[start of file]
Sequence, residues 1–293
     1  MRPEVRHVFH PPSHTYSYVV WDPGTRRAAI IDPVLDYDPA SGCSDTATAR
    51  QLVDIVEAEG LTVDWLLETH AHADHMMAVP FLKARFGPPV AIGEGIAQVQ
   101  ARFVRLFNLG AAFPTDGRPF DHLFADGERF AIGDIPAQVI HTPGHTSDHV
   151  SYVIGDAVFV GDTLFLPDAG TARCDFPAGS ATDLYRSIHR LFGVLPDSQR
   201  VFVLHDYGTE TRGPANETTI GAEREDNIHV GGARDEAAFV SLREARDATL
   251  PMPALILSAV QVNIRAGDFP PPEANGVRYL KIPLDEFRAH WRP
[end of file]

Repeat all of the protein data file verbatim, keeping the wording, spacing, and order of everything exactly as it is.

Sequence, residues 1–293
     1  MRPEVRHVFH PPSHTYSYVV WDPGTRRAAI IDPVLDYDPA SGCSDTATAR
    51  QLVDIVEAEG LTVDWLLETH AHADHMMAVP FLKARFGPPV AIGEGIAQVQ
   101  ARFVRLFNLG AAFPTDGRPF DHLFADGERF AIGDIPAQVI HTPGHTSDHV
   151  SYVIGDAVFV GDTLFLPDAG TARCDFPAGS ATDLYRSIHR LFGVLPDSQR
   201  VFVLHDYGTE TRGPANETTI GAEREDNIHV GGARDEAAFV SLREARDATL
   251  PMPALILSAV QVNIRAGDFP PPEANGVRYL KIPLDEFRAH WRP